It has been a week, and the impact of the US Supreme Court’s overturning of Roe v. Wade in the Dobbs v. Jackson Women’s Health Organization decision is infuriating and overwhelming to many of us. By removing bodily autonomy of the individual, it increases fear, uncertainty, and feelings of disempowerment. We are also, simply put, angry. Angry because safe abortions will become even more difficult for the most targeted, exploited and marginalized people. Those with the economic and social means will travel to places with full access to care, while those without will again be forced to risk their health, safety, freedom, and lives.
The harm that this decision will incur on people across the nation means that we must respond. This week, the JED Foundation pointed out that most people who seek abortions are in their 20s – a demographic already suffering outsize mental health distress due to the pandemic and other factors related to economic mobility and political and social unrest – and will suffer in significant ways from this ruling.
Further, as Frank C. Worrell, President of the American Psychological Association, noted, “A person’s ability to control when and if they have a child is frequently linked to their socioeconomic standing and earning power. Therefore, restricting access to safe, legal abortions is most likely to affect those living in poverty, people of color, and sexual and gender identity minorities, as well as those who live in rural or medically underserved areas.” The ruling will begin “deliberately pushing people into a psychological crisis,” he said.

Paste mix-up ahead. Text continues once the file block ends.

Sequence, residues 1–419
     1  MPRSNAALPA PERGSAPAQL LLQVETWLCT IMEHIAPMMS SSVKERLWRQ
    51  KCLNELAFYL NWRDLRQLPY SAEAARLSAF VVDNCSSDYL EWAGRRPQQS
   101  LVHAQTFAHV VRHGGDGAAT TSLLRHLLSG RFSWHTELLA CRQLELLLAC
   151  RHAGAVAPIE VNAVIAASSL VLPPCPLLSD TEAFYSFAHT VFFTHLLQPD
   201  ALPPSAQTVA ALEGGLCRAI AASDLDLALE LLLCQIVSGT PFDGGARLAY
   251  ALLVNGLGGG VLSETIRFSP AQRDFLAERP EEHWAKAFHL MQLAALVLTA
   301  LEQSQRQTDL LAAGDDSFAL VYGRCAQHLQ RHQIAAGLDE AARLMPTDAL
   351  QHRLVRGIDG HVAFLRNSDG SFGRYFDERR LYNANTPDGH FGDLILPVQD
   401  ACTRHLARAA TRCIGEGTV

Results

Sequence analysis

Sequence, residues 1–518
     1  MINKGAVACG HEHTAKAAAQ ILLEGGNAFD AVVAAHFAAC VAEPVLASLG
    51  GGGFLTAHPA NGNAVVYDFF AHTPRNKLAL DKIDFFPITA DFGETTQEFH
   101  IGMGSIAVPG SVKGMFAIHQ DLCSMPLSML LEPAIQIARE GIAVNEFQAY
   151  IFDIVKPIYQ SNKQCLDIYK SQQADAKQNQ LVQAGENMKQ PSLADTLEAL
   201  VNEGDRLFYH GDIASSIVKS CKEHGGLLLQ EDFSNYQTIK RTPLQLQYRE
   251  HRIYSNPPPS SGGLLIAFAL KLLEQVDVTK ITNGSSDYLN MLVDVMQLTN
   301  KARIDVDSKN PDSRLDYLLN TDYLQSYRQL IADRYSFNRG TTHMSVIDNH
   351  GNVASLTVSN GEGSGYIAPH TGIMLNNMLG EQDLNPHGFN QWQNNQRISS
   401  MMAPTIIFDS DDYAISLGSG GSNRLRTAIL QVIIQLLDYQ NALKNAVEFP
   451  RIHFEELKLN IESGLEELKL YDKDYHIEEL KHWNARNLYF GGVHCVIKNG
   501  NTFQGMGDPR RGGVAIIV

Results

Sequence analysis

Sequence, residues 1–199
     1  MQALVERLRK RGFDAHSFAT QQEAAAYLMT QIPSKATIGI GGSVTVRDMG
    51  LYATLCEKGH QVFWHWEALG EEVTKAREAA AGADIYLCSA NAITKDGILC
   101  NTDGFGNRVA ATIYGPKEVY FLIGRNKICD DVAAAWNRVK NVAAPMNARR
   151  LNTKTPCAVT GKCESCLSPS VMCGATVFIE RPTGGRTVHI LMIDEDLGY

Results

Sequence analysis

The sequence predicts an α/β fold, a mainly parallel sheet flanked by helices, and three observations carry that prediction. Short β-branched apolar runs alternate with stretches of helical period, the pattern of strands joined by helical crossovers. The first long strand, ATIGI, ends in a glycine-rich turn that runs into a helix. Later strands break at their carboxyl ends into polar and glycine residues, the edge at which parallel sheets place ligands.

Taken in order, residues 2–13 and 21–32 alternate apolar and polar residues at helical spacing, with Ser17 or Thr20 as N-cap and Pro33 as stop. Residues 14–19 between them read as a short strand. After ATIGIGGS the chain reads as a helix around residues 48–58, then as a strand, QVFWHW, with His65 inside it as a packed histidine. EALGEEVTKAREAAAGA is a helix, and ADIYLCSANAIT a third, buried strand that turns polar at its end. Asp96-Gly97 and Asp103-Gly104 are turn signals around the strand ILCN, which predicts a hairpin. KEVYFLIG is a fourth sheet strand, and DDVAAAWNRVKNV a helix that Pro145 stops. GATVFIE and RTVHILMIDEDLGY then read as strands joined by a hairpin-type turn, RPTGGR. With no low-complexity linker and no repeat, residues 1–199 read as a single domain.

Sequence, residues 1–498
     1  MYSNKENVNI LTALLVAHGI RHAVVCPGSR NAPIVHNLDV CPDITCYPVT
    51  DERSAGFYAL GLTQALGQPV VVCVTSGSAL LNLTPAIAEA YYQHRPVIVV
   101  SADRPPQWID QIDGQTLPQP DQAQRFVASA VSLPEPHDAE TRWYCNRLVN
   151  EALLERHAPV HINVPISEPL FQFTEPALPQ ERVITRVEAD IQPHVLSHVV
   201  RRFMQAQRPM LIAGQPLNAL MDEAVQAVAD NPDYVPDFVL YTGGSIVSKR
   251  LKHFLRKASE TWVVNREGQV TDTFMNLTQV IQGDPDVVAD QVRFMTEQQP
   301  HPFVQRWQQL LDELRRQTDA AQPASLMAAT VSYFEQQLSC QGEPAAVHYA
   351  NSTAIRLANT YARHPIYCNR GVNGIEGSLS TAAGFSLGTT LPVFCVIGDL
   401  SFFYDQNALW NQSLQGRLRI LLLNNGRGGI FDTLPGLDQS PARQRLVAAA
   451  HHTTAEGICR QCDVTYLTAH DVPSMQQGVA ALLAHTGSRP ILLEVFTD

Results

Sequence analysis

Beyond the effects on abortion access, legislative attacks on other marginalized groups have already started, citing Dobbs v. Jackson as precedent. Alabama is using it as a means of attempting to outlaw gender-affirming care – gender-affirming care that nearly every major medical group endorses. The decision also potentially opens the door to banning in-vitro fertilization services and even potentially allowing the government to surveil fertility apps. Dobbs v. Jackson will have sweeping, reverberating effects on myriad aspects of healthcare and wellbeing in the US.
It is easy, in this context, to feel hopeless, overwhelmed, and unclear about what to do. Organizing, building community (i.e., reaching out to friends, talking about how you feel, and what you can do together), and participating in efforts to both help people who need abortions and change the legal landscape can all be effective ways to cope. Some places to start are AbortionFunds.org and AidandAbetAbortion.com, both of which are sources of national and local resources and tools. There are also excellent policy efforts being championed by national politicians such as Alexandria Ocasio-Cortez and Elizabeth Warren.
It is also important to step away and take breaks if you need to. None of us can strive for what we believe in when we’re exhausted and overwhelmed. Boundaries are an essential and effective tool in ensuring our emotional wellbeing and ability to keep going over the long term. Take time away – find joy in what you love to do and the people you care about.
Whether or not you’re on the streets protesting, collecting ballot signatures, running for office, or simply donating time or money to an existing abortion advocacy group, Dobbs v. Jackson affects us all, and we’re all in this together to ensure everyone has safe, easy access to all forms of reproductive health.